January 6, 2023

Further Depressing Conversation.

By aarondkey

“Did he say why he wanted to go home?” Timonthy asked knowing it wasn’t the point but he had to say something, still looking at Gerald in the distance with a lump in his throat.

“He said, he thought I needed a break. I was not happy apparently and he wanted to go back somewhere we had been happy, he said. I said that might once have been the case but all I remembered was the last few years when I was as miserable as it was possible for a person to be. He apologised again and said ‘can’t we move on from that? I was stupid, I admit it but I never wanted to leave you.’

“The problem was that he spoke and I could not trust his words. They were no more reassuring than the sound of wind rustling in the trees. I don’t know if I can trust him at all. He might say ‘I love you’ and I hear ‘why won’t you die instead of hanging around me forever like a clinging vine?!.’’’

Timonthy knew that he wasn’t enjoying this confession, not only because he didn’t want one of his friends, a man he had admired, to be unhappy but because he saw in Stolid’s words his own future in his fears. He had never believed that a man like him could have a relationship that could make him happy but he had begun to look on Johanthon and Stolid as his lucky charm, his proof that stranger things could be. Perhaps it was all inevitable: love a fragile illusion, happiness a forlorn hope. Everything he had ever dreamed of was pointless. It seemed that Stolid and he had both reached this conclusion. They were not fit companions for each other – highly unlikely to produce a lightening of heart.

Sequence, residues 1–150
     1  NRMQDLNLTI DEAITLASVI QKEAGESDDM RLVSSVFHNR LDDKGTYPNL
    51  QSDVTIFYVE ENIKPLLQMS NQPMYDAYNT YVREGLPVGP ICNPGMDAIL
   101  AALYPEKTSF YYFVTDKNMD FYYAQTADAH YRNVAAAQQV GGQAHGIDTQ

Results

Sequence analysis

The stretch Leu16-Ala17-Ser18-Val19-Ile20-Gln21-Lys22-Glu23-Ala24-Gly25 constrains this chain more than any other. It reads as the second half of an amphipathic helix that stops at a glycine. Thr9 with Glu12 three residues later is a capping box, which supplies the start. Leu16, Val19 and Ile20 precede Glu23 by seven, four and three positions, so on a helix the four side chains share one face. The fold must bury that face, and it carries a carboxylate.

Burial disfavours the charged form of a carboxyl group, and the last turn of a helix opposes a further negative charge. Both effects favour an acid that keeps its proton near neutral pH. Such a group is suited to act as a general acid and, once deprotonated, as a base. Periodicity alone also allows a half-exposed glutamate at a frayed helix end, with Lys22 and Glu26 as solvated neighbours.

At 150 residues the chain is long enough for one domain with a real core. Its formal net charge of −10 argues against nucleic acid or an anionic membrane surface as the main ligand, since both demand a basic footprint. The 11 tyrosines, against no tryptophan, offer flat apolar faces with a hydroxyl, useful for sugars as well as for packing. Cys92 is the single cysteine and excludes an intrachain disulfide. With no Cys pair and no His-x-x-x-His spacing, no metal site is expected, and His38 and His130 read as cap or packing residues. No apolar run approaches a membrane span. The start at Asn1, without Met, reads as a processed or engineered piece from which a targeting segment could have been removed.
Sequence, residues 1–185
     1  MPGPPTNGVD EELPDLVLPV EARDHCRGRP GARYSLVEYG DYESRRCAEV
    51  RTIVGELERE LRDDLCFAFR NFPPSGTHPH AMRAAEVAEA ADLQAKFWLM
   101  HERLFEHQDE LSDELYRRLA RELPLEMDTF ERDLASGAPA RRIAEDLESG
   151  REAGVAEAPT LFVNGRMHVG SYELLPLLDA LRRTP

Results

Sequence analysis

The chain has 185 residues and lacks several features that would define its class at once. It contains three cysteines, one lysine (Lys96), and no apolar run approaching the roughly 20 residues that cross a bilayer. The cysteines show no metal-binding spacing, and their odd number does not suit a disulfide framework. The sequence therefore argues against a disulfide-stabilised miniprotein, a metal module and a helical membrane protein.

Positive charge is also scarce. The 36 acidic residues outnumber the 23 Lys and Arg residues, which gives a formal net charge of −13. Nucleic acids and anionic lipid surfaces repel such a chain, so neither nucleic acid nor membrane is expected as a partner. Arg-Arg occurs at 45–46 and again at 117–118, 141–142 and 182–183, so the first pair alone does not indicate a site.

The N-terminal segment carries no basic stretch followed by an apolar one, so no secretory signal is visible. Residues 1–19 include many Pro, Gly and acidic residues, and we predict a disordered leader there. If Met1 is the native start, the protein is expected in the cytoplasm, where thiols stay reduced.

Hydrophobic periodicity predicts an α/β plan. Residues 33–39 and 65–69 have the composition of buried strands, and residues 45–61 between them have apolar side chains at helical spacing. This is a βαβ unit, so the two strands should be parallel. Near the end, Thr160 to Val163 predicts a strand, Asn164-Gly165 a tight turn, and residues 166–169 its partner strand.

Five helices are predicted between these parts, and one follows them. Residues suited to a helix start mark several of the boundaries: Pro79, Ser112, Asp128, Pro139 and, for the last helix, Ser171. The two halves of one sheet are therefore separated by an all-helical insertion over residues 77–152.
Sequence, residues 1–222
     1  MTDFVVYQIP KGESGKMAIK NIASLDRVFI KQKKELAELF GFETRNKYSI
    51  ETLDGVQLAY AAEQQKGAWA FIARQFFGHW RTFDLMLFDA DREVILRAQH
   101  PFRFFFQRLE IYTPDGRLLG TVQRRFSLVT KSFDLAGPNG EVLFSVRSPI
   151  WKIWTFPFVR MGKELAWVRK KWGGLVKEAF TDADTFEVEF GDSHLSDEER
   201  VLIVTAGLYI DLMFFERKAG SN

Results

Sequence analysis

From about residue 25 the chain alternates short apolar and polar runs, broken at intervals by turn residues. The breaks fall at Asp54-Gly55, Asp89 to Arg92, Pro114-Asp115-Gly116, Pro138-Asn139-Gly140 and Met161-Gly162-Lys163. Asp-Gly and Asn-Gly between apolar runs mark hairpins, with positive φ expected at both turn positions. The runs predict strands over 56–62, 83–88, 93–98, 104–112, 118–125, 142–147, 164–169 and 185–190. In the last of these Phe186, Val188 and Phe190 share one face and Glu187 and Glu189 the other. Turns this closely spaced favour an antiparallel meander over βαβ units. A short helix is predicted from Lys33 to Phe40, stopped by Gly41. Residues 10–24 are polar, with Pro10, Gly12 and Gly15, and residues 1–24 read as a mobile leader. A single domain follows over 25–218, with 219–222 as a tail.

“Do I not trust him because my mind is broken or because he is not trustworthy? It’s an important question because if he could be trusted then I could suppress my fears and we could return to our state of apparent nirvana. I will never know though. So again that fatal combination of hope and disappointment stalks me.

“You know, if I knew it was all over and I was an unloved, single man again I could find a state of contentment although it might take a little time. If I knew that he could be trusted then I would be happy but I am stuck in the middle in a state of indecision which I don’t think can be resolved. Buoyed up by hope but weighed down by the fear of disappointment. I still love Johnathon but just don’t know why anymore.”

“Surely if anyone could, you could find out which it was?” Timonthy questioned remembering the way that Rael read his mind.

“I know I could,” Stolid hissed, “but I won’t. Vowing for sanity’s saked, when we first met that I would never read his mind. I can’t break a promise.”

“Perhaps Rael or Elena could do the job for you?” Timonthy suggested desperately. “They could just tell you the answer to your question. That would not be an intrusion.”

“What if the answer was the wrong one? I know I should be brave but I am a coward, clinging on to an uncertain hope, afraid to finally let it go, even as I pray to know …..” Stolid said, “I don’t expect you to solve my dilemma Timonthy, but it has been a relief to talk to you.”